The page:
I found the style frustrating -others may not,
This review is from: The Joy Luck Club (Paperback)
On the surface this is the story of four mothers and their daughters in San Francisco but it is really a tale of twentieth century China and its legacy in the lives and culture of those who have left. The mothers' lives in China and the effect they have on their daughters infuses the whole tale so that although some of it is set in America the book is really about the Chinese cultural influence on women's lives.
The book is told in a series of chapters which offer glimpses into lives at a certain point. They are not really short stories as they don't all conclude or even contain a whole story - I think of them as glimpses into lives, as though we see just part of a whole which gives us the flavour of something greater. For this reason we don't always know what came before what we are told or even how it concluded but we then move on into another glimpse of another life. All the pieces should add together to give us an impression of China and its legacy to its emigrants.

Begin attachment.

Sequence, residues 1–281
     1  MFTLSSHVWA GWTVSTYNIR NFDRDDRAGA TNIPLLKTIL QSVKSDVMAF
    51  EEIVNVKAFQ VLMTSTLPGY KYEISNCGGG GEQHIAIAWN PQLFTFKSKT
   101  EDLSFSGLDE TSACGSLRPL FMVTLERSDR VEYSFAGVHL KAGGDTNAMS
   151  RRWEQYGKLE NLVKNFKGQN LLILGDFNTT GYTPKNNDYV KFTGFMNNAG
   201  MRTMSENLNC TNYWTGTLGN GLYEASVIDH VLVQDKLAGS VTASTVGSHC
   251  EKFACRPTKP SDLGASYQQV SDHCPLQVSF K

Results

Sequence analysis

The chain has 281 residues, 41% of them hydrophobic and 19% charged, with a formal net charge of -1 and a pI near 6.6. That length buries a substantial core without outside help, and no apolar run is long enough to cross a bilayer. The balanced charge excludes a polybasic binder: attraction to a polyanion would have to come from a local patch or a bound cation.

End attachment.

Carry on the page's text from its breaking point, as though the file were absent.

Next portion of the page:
In truth, I found the book frustrating. I like my narratives to have a beginning, a middle and an end and I would have liked to read a full novel about any of these short pieces. Bringing them together as a whole gave me an impression as the author intended but I would have been happier with more conventional storytelling. This is very much about a preference for a particular style of writing rather than me thinking that there was something wrong or bad about the way in which the book was written. In fact, it is a credit to the writer that the little she had to say about each episode was so engaging that I wanted the full story.
This book is written in a lyrical, flowing style. It offers an insight into the experience of the immigrant community in America and its effect on the next generation. It offered opportunities to see different relationships between women and their daughters. I think that it would make a thought provoking book club choice. I, however, prefer a less impressionistic and more straightforward narrative.